A tweet by the US secretary of state has led to speculation over whether he is trying to send a message to the Chinese government.
Mike Pompeo posted a picture on his personal account of his dog Mercer, surrounded by “all of her favourite toys”. The toy that sits centre stage is a stuffed Winnie the Pooh.
The tweet has ignited significant attention given that Winnie the Pooh is a common derogatory nickname for Chinese President Xi Jinping.
Chinese netizens don’t have a lot of love for Mike Pompeo, and regard him as “evil” and “the king of lies”.
However, he may be aware that they will struggle to talk about this tweet because nicknames referencing the Chinese leader are heavily censored.
Why Winnie the Pooh?
The Chinese government actively censors derogatory comments or nicknames that might lead to mockery of Communist Party officials. However, Chinese netizens have long come up with creative ways to reference the Chinese leadership online.
Pictures circulated in 2013 comparing the body shape of President Xi to the cartoon bear and gained international awareness.
Given the loveable children’s toy makes it difficult for censors to remove innocuous content without attracting ridicule, the nickname quickly caught on.
Such tactics had previously proven successful with the leader Jiang Zemin, who many were able to talk about using “toad” related nicknames.
Is Winnie the Pooh really that sensitive?
In a word, yes.
“Winnie Pooh” and similar references have long been censored on Chinese social media platforms.
A search of the word “Winnie” on the popular Sina Weibo microblog currently only brings up government-approved media or official verified accounts.
A disclaimer also appears at the bottom of Sina Weibo also indicates that “some results have been omitted” from searches.
China even pulled a Taiwanese game, Devotion, back in 2019, because it contained a hidden reference linking Xi Jinping and Winnie the Pooh.
Could Pompeo have posted it innocuously?
It’s entirely possible that the post could be an innocent photograph of Mr Pompeo’s dog and her toys, but there are other potential references worth noting in this picture.
Mr Pompeo may have picked up on “dog” as a reference to either the US or himself. The word “dog” in Chinese is often used to reference people or countries that are regarded as aggressive, feral or wild.
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The word “dog” has previously been used by demonstrators in Hong Kong as a term of abuse for police officers. In mainland China, the US and Mike Pompeo have both consistently been called “dogs”.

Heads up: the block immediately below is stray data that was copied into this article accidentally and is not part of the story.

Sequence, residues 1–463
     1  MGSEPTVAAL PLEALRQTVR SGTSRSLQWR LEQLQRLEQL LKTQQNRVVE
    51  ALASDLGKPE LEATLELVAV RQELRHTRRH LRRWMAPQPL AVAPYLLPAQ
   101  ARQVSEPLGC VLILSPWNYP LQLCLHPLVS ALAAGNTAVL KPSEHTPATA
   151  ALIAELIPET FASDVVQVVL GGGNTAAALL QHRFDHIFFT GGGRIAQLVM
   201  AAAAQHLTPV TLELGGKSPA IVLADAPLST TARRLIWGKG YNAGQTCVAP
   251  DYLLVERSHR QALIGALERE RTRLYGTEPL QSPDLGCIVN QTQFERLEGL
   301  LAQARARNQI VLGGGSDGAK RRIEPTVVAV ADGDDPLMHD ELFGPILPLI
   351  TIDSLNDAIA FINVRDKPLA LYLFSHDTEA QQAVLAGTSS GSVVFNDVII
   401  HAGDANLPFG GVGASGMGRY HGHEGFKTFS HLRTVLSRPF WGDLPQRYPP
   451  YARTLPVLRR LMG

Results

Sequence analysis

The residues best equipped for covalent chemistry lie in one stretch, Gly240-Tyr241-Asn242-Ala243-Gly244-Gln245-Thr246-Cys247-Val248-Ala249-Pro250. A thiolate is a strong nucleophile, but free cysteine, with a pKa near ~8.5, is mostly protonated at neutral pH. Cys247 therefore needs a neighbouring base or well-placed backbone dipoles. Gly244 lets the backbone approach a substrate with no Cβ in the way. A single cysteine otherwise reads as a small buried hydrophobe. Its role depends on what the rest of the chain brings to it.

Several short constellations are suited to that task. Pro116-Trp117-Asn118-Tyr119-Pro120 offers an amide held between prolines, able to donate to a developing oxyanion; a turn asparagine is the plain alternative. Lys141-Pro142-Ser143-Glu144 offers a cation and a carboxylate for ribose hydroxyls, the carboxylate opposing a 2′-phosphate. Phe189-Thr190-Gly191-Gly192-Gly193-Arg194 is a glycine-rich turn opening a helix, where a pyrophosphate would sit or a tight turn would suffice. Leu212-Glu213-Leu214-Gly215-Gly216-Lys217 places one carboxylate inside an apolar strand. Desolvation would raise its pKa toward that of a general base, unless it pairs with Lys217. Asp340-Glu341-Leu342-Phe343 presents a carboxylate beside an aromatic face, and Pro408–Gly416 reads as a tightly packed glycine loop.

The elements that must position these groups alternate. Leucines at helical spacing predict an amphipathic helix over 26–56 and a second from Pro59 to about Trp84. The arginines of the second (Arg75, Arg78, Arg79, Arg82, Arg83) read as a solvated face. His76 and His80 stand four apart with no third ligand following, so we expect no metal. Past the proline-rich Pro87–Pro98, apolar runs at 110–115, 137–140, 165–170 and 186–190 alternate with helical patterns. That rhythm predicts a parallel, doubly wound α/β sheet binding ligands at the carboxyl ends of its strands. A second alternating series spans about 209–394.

When Canada arrested Chinese telecom giant Huawei’s Chief Financial Officer, Meng Wanzhou, at the request of the US, Canada was often nicknamed “the dog’s leg” of the US.
The presence of the elephant toy may also be significant – as a subtle reference to India.
How are people reacting to this?
Thousands of Twitter users have commented on Mr Pompeo’s tweet. Many have posted memes mocking the Chinese president and are commenting on how the secretary of state is “toying with China”.
But given that Twitter is blocked, and there is active censorship of references to China’s past and present leadership, it’s difficult for Chinese netizens to talk about his post within the country.
Consequently, it is difficult to find evidence that this image has filtered through onto Chinese platforms.
This might perhaps be surprising, given that in recent months, Chinese netizens have not missed an opportunity to target Mike Pompeo with abuse.
State media have used some strongly worded language against him since May, calling him the “king of lies” and even “evil”, because of statements he and his team have given in relation to China on Covid-19, Hong Kong and Xinjiang.
He has regularly been painted in China’s media as somebody not to be trusted, and Chinese media have regularly launched personal attacks on him for statements he has made.
Only, he might now have found a way to attack China personally, for which the country has no answer, only silence.
BBC Monitoring reports and analyses news from TV, radio, web and print media around the world. You can follow BBC Monitoring on Twitter and Facebook.
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